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Daley didn't like votes against him

James JoyceRichard M. Daley

For years, everyone knew Mayor Richard Daley had an iron grip on the City Council. However, like any savvy dictator, he didn't brag about it. He wasn't overly cocky.

With each unanimous, or near-unanimous, vote, he was demure, as if to say, "What, again? You guys shouldn't have."

That was until December 1999, when aldermen voted 42-5 to confirm James Joyce, Daley's new pick for fire commissioner. A whopping five aldermen dissented!

Daley was hot.

"This will be a vote you will remember," he told the naysayers. "And I think you will apologize someday."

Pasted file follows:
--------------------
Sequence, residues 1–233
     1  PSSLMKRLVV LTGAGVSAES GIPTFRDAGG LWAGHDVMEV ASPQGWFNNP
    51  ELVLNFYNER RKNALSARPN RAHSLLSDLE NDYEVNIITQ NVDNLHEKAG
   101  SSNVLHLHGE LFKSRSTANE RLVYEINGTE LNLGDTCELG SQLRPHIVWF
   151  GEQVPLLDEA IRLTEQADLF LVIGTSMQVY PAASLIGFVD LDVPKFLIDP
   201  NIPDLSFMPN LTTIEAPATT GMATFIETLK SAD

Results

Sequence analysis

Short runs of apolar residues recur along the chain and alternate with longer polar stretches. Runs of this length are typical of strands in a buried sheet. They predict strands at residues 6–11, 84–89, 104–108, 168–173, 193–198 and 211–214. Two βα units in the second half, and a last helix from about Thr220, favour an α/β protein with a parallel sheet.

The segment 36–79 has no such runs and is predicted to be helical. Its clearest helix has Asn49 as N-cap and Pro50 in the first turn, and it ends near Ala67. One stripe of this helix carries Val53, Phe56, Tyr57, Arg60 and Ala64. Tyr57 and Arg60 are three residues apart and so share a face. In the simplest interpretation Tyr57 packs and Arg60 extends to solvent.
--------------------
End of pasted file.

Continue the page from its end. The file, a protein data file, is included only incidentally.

Then when those who voted against Joyce's appointment didn't rise when other aldermen were giving him a standing ovation, Daley said: "My father always taught me respect. Even though you vote no, you should stand up and clap. … Please stand up."

Joyce retired in 2004 and Daley's next choice was Cortez Trotter, who would become the city's first black fire chief.

That appointment was unanimously approved.

Copyright © 2014, The Baltimore Sun
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